The Correction And Your Parish Priest


You will have noticed that, whenever I demand from our clergy that they openly oppose Amoris Laetitia, my demand is addressed to bishops and cardinals

Why not priests? Why not, actually, your own parish priest? 

Because of the way I (and, I think, many others) see the role of the priesthood. 

The way I see it, the main job of the parish priest is to care for the souls entrusted to his case, not to be an ambassador for Catholic orthodoxy urbi et orbi. The priest has a flock and this flock should be his first and last concern. If I had a good parish priest I would feel betrayed and abandoned if the  man were to be removed, and taken away from me, because of his vocal opposition to Amoris Laetitia. 

This does not mean that a priest has to accept Amoris Laetitia. His duty is – because  otherwise, he is not a good priest – to instruct his sheep about the truth in no uncertain words. If this attracts persecution on him, so be it, as a priest is never justified in lying to his sheep or giving them a rotten doctrine. But it is not the job of the priest to be an internet or worldwide ambassador of orthodoxy. This is, exactly, the job of the bishops and cardinals. 

Therefore, my suggestion to the good priests reading this is: keep doing your job in your parish, doing your best in the sphere of competence assigned to you. Draw a line where the work of your parish is concerned, but do not attract persecution on yourself when your parishioners need a guidance in these troubled times. If you want to blog, it might be smart to blog strictly anonymously.  However, I will be the last one to advocate that even the small number of priests remained is sent to the most remote places where they can be useful to fewer people, or are deprived of a parish already.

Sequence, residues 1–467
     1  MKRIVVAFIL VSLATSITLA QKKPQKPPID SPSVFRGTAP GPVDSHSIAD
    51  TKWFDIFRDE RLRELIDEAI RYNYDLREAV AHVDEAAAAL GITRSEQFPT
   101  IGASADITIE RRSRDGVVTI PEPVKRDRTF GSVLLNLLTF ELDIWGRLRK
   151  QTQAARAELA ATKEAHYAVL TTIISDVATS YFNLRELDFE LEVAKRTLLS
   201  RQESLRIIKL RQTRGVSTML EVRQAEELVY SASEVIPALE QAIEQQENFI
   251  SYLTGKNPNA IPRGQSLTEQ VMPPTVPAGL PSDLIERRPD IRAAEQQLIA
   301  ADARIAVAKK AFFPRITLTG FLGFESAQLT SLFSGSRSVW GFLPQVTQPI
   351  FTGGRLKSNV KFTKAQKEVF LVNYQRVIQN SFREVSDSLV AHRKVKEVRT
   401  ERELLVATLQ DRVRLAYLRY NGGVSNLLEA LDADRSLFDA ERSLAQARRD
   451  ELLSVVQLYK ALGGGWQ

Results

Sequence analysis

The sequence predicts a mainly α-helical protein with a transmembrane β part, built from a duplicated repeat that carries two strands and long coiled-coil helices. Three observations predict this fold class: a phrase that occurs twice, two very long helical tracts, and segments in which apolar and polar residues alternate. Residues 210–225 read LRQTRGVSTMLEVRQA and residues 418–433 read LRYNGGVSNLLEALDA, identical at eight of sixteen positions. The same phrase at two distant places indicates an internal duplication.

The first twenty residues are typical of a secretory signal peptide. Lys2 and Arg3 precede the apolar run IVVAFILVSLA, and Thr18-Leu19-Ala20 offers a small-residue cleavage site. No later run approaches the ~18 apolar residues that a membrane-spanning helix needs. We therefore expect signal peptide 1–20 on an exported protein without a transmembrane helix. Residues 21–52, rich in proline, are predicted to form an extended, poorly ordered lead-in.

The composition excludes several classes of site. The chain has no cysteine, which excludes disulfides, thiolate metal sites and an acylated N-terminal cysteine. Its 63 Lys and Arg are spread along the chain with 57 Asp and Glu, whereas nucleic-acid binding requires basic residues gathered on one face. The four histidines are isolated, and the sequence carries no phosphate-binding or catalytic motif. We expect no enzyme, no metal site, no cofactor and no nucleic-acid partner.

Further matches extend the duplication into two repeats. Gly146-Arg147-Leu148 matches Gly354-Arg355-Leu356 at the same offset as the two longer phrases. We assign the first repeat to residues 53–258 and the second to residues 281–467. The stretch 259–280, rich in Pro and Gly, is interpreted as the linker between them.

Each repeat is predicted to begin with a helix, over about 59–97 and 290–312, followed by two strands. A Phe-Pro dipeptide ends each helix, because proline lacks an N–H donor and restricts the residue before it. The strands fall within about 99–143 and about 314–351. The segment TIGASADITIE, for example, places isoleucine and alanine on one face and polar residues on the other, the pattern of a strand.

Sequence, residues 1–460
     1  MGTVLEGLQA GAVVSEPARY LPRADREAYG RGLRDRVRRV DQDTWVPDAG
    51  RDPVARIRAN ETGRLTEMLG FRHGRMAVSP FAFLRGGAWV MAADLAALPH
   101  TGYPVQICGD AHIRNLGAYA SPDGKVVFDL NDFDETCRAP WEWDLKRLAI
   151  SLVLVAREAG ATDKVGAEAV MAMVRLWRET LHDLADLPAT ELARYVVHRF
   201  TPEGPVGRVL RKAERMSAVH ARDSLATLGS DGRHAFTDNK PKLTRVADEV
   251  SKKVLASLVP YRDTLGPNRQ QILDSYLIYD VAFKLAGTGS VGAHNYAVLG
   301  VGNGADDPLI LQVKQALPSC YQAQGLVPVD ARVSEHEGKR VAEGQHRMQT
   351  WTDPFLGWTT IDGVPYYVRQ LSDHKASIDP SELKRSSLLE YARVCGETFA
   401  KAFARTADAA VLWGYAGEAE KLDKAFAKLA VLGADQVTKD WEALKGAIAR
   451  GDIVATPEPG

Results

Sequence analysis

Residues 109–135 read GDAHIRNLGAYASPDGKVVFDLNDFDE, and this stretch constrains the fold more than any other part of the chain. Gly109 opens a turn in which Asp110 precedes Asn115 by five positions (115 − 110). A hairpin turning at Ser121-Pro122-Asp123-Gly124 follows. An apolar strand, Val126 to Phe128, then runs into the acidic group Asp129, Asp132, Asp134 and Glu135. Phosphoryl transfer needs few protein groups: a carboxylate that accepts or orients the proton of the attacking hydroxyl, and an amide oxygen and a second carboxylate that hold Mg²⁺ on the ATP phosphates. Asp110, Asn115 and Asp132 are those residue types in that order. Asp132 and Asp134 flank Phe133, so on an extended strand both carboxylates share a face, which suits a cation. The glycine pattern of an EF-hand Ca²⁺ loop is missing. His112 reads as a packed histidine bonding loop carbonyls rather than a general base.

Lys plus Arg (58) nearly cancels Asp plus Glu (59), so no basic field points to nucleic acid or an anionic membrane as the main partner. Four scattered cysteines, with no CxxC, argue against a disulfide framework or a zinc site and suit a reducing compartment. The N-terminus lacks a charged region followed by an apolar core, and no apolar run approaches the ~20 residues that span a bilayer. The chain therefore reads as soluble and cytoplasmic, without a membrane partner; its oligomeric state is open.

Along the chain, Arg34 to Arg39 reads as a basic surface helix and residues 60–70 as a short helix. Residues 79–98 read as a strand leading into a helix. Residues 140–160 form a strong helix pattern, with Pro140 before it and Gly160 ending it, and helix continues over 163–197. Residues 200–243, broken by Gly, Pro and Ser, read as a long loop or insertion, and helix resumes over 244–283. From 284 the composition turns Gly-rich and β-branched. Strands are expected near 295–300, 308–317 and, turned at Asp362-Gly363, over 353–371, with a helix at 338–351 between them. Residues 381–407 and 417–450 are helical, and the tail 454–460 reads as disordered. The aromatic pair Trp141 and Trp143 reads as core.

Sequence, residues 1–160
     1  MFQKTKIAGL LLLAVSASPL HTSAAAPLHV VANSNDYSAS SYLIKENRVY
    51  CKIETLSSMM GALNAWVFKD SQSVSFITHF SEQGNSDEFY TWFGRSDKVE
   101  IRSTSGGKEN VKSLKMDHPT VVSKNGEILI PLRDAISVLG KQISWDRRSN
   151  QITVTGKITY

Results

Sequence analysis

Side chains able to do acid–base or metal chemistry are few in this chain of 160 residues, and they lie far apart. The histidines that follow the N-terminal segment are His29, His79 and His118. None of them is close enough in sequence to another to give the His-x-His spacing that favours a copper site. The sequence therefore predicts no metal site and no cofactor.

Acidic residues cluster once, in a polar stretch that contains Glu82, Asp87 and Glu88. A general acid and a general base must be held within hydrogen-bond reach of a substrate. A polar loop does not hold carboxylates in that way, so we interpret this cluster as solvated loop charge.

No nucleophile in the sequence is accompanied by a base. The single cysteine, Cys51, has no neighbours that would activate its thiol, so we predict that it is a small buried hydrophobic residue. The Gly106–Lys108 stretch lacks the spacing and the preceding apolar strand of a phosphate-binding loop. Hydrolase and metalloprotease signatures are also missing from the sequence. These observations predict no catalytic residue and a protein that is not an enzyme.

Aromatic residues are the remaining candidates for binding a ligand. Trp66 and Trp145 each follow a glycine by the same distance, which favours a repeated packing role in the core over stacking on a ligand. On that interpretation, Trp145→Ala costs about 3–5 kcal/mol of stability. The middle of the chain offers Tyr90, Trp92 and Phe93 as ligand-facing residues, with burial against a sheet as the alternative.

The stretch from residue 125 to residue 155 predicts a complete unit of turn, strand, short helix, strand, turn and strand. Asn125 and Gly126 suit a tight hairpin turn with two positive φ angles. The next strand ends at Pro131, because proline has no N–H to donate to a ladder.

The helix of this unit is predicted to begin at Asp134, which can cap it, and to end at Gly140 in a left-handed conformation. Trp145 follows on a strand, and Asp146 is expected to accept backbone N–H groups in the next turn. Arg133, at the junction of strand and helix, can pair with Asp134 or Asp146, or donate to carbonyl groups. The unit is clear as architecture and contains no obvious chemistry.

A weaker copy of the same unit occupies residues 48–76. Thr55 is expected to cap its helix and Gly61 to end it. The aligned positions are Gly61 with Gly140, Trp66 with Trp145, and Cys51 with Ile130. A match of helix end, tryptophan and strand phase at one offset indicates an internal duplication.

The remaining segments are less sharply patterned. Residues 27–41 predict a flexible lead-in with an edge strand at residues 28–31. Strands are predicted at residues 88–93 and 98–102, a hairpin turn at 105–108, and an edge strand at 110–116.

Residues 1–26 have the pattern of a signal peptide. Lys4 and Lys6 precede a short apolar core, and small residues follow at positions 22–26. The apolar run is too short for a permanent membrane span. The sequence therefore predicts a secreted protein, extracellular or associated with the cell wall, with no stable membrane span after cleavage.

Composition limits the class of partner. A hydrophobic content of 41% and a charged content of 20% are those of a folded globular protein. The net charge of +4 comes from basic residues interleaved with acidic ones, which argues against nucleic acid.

Resistance can happen in many ways. Many priests, I am sure, stage their own resistance by being good priests for their sheep, and praying for better times. 





Posted on October 1, 2017, in Catholicism, Conservative Catholicism, Good Shepherds, Traditional Catholicism. Bookmark the permalink. 3 Comments.

  1. We seem to see a priest being sent to a remote parish as the worst thing that could happen. His present flock would have to do without him, but as in Father Rodrigues’ case good came from his white martyrdom – grace for himself, and his parishioners. Besides don’t those poor people in those small parishes way out there in the bush deserve a very good priest?

    I would like to see priests speak very clearly in their own parishes and not, as you say, blab around on blogs etc. for those not in their flocks. This speaking out from the pulpit would be enough to get some of them kicked around.

    Where the parishioners come in is also important. Be a pest. Bug your pastor until he mans-up and speaks up. It is in the parish where the truth will bring back Catholicism.

    • I prefer a priest to remain with the 500 souls that he is caring for, than to be sent in the wilderness caring for 50, lucky as the 50 may be. Not everyone has your strong faith, and removing priests from their parishes does not help parishioners to save theirs.
      I like good priests who run good blogs. But in my eyes the best thing to do is to blog anonymously. In the times we are living, a priest can *expect* that sooner or later his bishop will be his enemy.
      But we agree on this: that the main worry of a priest should be his flock.

  2. This sounds like good advice, stick to strict traditional orthodoxy, but otherwise no need for a priest to draw unnecessary fire.

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